Portsmouth Theatre threatened with closure after NatWest's 'utter incompetence'

 

Arts Correspondent

When a Portsmouth theatre had its bank accounts accidentally shut down by NatWest in January, the management wrote it off to bad luck and looked forward to getting back to business without too much fuss. 

Yet two months on, the issues are still not fully resolved and the business interruption means the Groundlings Theatre is “on the brink” of closure, with problems with its suppliers and ticket sales plunging 90 per cent.

Artistic director Richard Stride revealed the theatre is to hold a fundraising event on Sunday as he seeks to cover the estimated £10,000 in lost revenues over the past two months, while he has unsuccessfully sought a loan as well as arts grants.

The financial state has become so parlous that the theatre currently cannot even afford to call out a plumber to mend a broken toilet, and there are fears that the gas may soon be cut off.

Mr Stride said: “We haven’t been able do the things we would normally do to keep the theatre running. Things began to spiral out of control and we’re now at the point where we’re threatened with closure.”

The problems at the 180-seat venue started on 13 January when Mr Stride was unable to access its accounts over the Internet. After days of fruitless attempts, NatWest informed the management that all four accounts had been closed and it was unable to withdraw money or pay its bills.

“The bank had made a huge error; they closed the accounts and couldn’t tell us how much money was in there. They’ve never explained how or why it occurred,” Mr Stride said.

“Initially we weren’t that annoyed as everyone makes mistakes. We didn’t realise the implications and what it would cost us.”

NatWest pledged to have the accounts fully up and running in three weeks but Mr Stride complained about the poor service he received and 10 weeks on “this is still continuing. The issue hasn’t been fully resolved whatever they say.”

The bank apologised for the error to Mr Stride, which is his stage name. The artistic director’s real name is Richard Hurdle.

A spokeswoman for NatWest said: “Mr Hurdle had access to funds throughout the temporary closure of his account, and we were in contact with him during this period. The account has since been reinstated.”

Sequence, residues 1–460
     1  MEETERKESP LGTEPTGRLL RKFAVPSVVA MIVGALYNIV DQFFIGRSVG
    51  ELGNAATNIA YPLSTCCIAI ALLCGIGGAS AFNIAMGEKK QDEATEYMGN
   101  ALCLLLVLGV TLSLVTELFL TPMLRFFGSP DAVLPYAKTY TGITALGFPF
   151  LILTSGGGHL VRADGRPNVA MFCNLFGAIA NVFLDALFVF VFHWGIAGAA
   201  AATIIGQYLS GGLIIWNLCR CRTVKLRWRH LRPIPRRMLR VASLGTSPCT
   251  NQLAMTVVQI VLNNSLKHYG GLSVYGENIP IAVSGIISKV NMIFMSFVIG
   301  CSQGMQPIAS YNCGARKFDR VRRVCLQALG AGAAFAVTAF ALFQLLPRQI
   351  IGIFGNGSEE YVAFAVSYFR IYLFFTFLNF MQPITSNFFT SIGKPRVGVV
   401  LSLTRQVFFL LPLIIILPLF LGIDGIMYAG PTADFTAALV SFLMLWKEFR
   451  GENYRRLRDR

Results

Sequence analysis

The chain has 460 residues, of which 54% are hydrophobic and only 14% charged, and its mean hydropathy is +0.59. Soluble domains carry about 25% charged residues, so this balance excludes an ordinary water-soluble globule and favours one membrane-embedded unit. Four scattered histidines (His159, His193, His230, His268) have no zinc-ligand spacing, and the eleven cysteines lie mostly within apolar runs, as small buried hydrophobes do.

Mr Stride claims the bank initially offered to cover any losses but has instead only covered his daily phone calls to the branch and offered £500 in compensation, after initially offering £50.

The theatre, which has been running for four years, stages everything from Shakespeare and musicals to pantomime. Last year attendances had risen more than 50 per cent over 2012.

Yet this year has proved a nightmare. Management now has access to three of the four accounts, but the impact of the interruption of the past months has been devastating for the business.

The Groundlings has been unable to print marketing materials or brochures. Key services have also been withdrawn as a side effect of the closure of its accounts, with the cancellation of all its standing orders and direct debits.

Mr Stride said while many businesses he works with had reacted well, his theatre had also lost a lot of goodwill among companies for an issue that was not its own fault.

Ticket sales subsequently collapsed, with the theatre forced to cancel a series of shows, including recent children show Storybox. This weekend, The Pillow Maker will go ahead with fewer than 10 tickets sold.

“About 50 per cent of my time is dealing with the bank. I can’t do my normal job,” the artistic director said. “This process has taken an enormous amount of time and money.”

Arts and Entertainment
Reawakening: can Jon Hamm’s Don Draper find enlightenment in the final ‘Mad Men’?
tv reviewNot quite, but it's an enlightening finale for Don Draper spoiler alert
Arts and Entertainment
Breakfast Show’s Nick Grimshaw

Radio
Have you tried new the Independent Digital Edition apps?
Arts and Entertainment

ebooksNow available in paperback
Arts and Entertainment

ebooks
Arts and Entertainment

Eurovision
Arts and Entertainment
'Youth' cast members Paul Dano, Jane Fonda, Harvey Keitel, Rachel Weisz, and Michael Caine pose for photographers at Cannes Film Festival
film
Arts and Entertainment
Adam West as Batman and Burt Ward and Robin in the 1960s Batman TV show

Comics
Arts and Entertainment
I am flute: Azeem Ward and his now-famous instrument
music
Arts and Entertainment
A glass act: Dr Chris van Tulleken (left) and twin Xand get set for their drinking challenge
TV review
Arts and Entertainment
MIA perform at Lovebox 2014 in London Fields, Hackney

music
Arts and Entertainment
Finnish punk band PKN hope to enter Eurovision 2015 and raise awareness for Down's Syndrome

eurovision
Arts and Entertainment
William Shakespeare on the cover of John Gerard's The Herball or Generall Historie of Plantes

books
Arts and Entertainment